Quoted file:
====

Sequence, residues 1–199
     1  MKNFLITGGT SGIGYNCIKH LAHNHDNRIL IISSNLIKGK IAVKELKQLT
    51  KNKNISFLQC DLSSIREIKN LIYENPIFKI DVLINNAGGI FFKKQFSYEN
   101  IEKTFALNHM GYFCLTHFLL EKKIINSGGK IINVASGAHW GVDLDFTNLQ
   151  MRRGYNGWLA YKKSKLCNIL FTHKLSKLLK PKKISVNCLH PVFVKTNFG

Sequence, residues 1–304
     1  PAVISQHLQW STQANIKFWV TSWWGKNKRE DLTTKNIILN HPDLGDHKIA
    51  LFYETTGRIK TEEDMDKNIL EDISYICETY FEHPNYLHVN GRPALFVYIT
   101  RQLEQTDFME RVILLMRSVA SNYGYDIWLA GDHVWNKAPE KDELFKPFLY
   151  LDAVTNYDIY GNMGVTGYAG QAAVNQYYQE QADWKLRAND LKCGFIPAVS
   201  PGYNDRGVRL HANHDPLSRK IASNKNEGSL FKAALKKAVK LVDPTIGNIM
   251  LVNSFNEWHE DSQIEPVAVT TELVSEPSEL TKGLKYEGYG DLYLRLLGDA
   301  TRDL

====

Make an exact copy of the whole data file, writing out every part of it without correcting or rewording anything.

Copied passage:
Sequence, residues 1–199
     1  MKNFLITGGT SGIGYNCIKH LAHNHDNRIL IISSNLIKGK IAVKELKQLT
    51  KNKNISFLQC DLSSIREIKN LIYENPIFKI DVLINNAGGI FFKKQFSYEN
   101  IEKTFALNHM GYFCLTHFLL EKKIINSGGK IINVASGAHW GVDLDFTNLQ
   151  MRRGYNGWLA YKKSKLCNIL FTHKLSKLLK PKKISVNCLH PVFVKTNFG

Sequence, residues 1–304
     1  PAVISQHLQW STQANIKFWV TSWWGKNKRE DLTTKNIILN HPDLGDHKIA
    51  LFYETTGRIK TEEDMDKNIL EDISYICETY FEHPNYLHVN GRPALFVYIT
   101  RQLEQTDFME RVILLMRSVA SNYGYDIWLA GDHVWNKAPE KDELFKPFLY
   151  LDAVTNYDIY GNMGVTGYAG QAAVNQYYQE QADWKLRAND LKCGFIPAVS
   201  PGYNDRGVRL HANHDPLSRK IASNKNEGSL FKAALKKAVK LVDPTIGNIM
   251  LVNSFNEWHE DSQIEPVAVT TELVSEPSEL TKGLKYEGYG DLYLRLLGDA
   301  TRDL